Policy interest in the role of volunteering as a route to employment is enduring, with an assumption that links between volunteering, employability and employment are positive and straightforward. This has largely been supported by existing evidence, although there have been few longitudinal
studies testing the theory. Analysing data from the British Household Panel Survey, we used multivariate techniques to explore the effects of volunteering on moves from being out of work into work; and on retention and wage progression for people in employment. We suggest that the relationship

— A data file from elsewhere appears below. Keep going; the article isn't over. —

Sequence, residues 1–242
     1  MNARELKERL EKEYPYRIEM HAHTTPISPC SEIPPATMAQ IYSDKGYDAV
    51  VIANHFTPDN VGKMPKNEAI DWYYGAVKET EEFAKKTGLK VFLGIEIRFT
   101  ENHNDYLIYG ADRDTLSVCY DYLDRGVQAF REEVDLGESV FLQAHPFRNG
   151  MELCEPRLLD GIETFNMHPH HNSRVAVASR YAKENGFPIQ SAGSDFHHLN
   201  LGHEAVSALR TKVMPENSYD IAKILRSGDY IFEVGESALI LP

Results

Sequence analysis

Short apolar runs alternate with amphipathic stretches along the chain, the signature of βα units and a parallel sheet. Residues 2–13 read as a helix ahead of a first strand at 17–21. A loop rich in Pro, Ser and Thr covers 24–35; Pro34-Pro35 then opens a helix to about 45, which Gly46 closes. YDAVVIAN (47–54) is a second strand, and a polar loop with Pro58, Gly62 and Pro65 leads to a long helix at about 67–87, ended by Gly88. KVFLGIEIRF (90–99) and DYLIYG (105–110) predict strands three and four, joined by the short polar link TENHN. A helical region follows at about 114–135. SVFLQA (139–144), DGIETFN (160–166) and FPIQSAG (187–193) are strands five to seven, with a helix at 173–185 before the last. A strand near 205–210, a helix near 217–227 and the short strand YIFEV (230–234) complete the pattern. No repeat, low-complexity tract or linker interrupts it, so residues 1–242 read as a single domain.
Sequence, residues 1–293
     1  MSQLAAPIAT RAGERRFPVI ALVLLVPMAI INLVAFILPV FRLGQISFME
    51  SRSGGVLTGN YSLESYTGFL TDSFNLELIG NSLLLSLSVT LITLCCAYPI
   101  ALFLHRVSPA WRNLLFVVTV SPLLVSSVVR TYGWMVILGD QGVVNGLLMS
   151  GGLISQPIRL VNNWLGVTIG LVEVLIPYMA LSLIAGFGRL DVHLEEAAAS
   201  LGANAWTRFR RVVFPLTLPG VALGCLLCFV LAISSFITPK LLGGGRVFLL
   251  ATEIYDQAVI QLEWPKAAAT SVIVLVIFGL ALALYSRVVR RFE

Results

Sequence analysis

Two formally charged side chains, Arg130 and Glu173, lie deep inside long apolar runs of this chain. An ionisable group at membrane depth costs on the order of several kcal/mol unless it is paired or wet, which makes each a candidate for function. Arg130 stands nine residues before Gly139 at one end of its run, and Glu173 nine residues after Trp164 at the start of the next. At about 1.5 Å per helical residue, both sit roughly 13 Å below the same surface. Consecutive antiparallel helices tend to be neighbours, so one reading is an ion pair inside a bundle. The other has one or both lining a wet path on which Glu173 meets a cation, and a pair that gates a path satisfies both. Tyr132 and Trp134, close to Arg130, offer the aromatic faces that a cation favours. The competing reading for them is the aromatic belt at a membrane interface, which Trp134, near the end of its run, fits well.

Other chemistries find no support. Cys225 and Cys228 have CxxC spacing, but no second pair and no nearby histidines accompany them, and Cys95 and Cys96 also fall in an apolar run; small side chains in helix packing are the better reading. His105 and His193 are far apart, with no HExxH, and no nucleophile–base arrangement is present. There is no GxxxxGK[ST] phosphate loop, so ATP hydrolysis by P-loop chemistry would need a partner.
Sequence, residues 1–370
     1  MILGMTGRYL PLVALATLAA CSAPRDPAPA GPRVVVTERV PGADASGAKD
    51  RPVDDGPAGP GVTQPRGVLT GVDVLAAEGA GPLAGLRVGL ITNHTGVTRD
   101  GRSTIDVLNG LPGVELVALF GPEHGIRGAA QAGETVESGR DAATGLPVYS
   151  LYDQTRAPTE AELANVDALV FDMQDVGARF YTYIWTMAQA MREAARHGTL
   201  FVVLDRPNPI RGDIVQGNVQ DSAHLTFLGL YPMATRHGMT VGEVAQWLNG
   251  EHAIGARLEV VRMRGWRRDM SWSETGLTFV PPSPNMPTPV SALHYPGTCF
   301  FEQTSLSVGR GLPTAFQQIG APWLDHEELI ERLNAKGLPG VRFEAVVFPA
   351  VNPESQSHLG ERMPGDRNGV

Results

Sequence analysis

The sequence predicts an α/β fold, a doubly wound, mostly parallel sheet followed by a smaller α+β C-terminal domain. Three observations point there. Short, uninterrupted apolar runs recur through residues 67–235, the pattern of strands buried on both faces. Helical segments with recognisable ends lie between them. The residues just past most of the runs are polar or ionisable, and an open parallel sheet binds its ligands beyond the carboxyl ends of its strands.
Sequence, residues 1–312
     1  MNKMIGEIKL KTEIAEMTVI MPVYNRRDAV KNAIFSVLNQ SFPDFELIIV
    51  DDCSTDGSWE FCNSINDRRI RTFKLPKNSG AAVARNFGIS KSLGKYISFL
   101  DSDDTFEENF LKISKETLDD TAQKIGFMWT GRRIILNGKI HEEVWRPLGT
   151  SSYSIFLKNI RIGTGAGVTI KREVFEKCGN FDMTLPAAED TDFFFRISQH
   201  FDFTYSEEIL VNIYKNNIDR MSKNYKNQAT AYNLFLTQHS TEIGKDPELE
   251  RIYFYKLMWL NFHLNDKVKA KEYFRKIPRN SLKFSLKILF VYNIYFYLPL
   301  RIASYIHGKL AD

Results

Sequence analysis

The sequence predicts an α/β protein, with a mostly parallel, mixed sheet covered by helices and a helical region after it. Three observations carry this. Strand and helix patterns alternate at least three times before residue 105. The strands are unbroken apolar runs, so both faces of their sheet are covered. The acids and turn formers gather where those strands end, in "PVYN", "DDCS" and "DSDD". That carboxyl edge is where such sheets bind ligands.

is complex: volunteering may have a positive effect on the labour market position of some individuals in some circumstances; for others it may have a negative, or no, effect. We offer some suggestions for the variations we found: the limitations of the dataset and our analysis; a limited concept
of employability; and too narrow a view of volunteering and its impact.
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